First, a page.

Proc. SPIE. 11273, High-Power Laser Materials Processing: Applications, Diagnostics, and Systems IX
KEYWORDS: Additive manufacturing, Silicon carbide, Material characterization

Proceedings Article | 21 February 2020
Proc. SPIE. 11261, Components and Packaging for Laser Systems VI
KEYWORDS: Statistical analysis, Laser induced damage, Laser development, Optical testing, Electro optics, Laser optics, Optics manufacturing, National Ignition Facility, Standards development

Proceedings Article | 3 December 2019
Proc. SPIE. 11173, Laser-induced Damage in Optical Materials 2019
KEYWORDS: Laser induced damage, Gas lasers, Carbon monoxide, Standards development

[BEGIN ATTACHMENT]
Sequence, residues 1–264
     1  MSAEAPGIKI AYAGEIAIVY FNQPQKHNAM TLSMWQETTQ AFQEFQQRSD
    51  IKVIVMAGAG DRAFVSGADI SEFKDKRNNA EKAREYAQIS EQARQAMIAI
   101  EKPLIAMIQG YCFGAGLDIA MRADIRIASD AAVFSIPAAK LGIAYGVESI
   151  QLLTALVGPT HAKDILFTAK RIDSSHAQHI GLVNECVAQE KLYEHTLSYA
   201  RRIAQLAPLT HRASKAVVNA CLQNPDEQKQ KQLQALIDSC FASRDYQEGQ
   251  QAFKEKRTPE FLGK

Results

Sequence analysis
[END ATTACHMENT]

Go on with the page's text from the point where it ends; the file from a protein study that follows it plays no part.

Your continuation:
Proceedings Article | 3 December 2019
Proc. SPIE. 11173, Laser-induced Damage in Optical Materials 2019
KEYWORDS: Calibration, Laser induced damage, Quality measurement, Convolution, Laser optics

Proceedings Article | 20 November 2019
Proc. SPIE. 11173, Laser-induced Damage in Optical Materials 2019
KEYWORDS: Laser induced damage, Error analysis, Coating, Monte Carlo methods, Laser damage threshold

Showing 5 of 121 publications
Conference Committee Involvement (16)
Laser-induced Damage in Optical Materials 2020
13 September 2020 | Rochester, New York, United States
Laser-induced Damage in Optical Materials 2019
23 September 2019 | Broomfield (Boulder area), Colorado, United States
Laser-Induced Damage in Optical Materials 2018: 50th Anniversary Conference
24 September 2018 | Boulder, Colorado, United States
Laser-Induced Damage in Optical Materials 2017
24 September 2017 | Boulder, Colorado, United States
Laser-Induced Damage in Optical Materials 2016
25 September 2016 | Boulder, Colorado, United States